The Court next held that Robbins could not bring a RICO claim against the government officials in their individual capacities because the Hobbs Act, on which Robbins relied for the predicate act required by RICO, does “not apply when the National Government is the intended beneficiary of the allegedly extortionate acts.” Noting that the Hobbs Act does not specifically indicate whether it applies to the government, the Court turned to the common law conception of extortion. Historically, it explained, extortion cases focused on the harm of public corruption for private gain, and the distinction between public and private beneficiaries is borne out in the Court’s own case law. Moreover, there is no reason to believe that Congress intended the Hobbs Act to be used against government employees working to enforce government property claims.

Justice Thomas joined by Justice Scalia, issued a concurring opinion. The Justices agreed with the Court, that Bivens does not provide a cause of action in this case. However, they went so far as to state that even if Bivens logically applied, it is a “relic” of the days in which the “Court assumed the common-law powers to create causes of action.” Viewing the Court’s role as more limited, the Justices note Bivens and its progeny should be limited to the precise circumstances in which they involved.

Justice Ginsburg, joined by Justice Stevens, issued an opinion concurring in part and dissenting in part. She agreed with the majority that Robbins had failed to state a RICO claim, but she would have held that he had a cause of action under Bivens. She reiterated that, even when there is no statutory right to sue, a Bivens action may be maintained “[a]bsent congressional command or special factors counseling hesitation”; moreover, as the majority acknowledged, Robbins has “no alternative remedy for the relentless torment he alleges.” She then rejected what she regarded as the central premise underlying the majority’s conclusion – viz., that allowing a Bivensaction here would “open the floodgates.” By contrast, the Court’s holding will shut the door to all plaintiffs, even those excessively harassed by the government. Nor does the fact that the government was pursuing legitimate objectives through “legitimate tactics” mean that Robbins could not state a retaliation claim: in Justice Ginsburg’s view, “[a] court need only ask whether Robbins engaged in constitutionally protected conduct . . . and if so, whether that was the reason BLM agents harassed him.” Moreover, Justice Ginsburg suggested, the possibility of frivolous Fifth Amendment retaliation claims can be significantly reduced by adopting a standard similar to the one used in sexual harassment claims: a plaintiff would be required to “prove a pattern of severe and pervasive harassment in duration and degree well beyond the ordinary…strenuous negotiations.” Robbins, she emphasized, “would have no trouble meeting” such a standard.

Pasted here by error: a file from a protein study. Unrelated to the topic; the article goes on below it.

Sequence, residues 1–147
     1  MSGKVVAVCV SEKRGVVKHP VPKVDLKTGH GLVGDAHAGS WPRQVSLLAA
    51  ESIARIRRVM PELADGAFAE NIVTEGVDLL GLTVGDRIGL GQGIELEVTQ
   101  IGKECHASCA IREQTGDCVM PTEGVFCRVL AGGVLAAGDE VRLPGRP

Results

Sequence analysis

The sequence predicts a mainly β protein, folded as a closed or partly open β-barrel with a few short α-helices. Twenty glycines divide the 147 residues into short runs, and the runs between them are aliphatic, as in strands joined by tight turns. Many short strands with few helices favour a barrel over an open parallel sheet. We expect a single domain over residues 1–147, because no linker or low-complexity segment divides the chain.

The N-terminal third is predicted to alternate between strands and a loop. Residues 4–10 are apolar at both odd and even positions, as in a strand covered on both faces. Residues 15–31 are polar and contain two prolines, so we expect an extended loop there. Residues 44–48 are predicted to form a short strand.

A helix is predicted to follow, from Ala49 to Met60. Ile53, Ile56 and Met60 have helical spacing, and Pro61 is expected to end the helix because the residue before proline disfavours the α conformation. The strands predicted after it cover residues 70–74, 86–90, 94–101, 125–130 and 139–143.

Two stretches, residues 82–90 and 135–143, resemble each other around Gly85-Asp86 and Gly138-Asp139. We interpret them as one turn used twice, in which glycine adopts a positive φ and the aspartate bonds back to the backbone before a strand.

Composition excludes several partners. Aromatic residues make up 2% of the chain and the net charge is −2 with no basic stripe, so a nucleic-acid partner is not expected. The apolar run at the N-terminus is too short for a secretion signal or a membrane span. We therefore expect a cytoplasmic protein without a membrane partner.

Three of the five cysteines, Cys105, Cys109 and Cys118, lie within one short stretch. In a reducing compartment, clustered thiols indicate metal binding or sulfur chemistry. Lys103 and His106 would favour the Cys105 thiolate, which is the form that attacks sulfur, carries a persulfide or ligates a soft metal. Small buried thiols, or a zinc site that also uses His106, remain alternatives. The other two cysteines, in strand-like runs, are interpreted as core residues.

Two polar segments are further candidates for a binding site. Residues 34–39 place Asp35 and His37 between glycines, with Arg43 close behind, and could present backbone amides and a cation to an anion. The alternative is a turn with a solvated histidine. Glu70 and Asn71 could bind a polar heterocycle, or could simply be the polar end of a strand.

Finally, the dissenters turned to the issue of qualified immunity. In Justice Ginsburg’s view, the BLM officials would not be entitled to qualified immunity because they “plainly violated [Robbins’s] Fifth Amendment right to be free of such coercion,” and it “is inconceivable that any reasonable official could have believed to be lawful the pernicious harassment Robbins alleges.”

The question that remains unanswered after today’s opinion is just how far a federal official may go in their “overzealous…hard bargaining” to gain the private property of a landowner. The exact limits of the federal government’s power to use harassment and intimidation to extract private property will likely have to await for another day.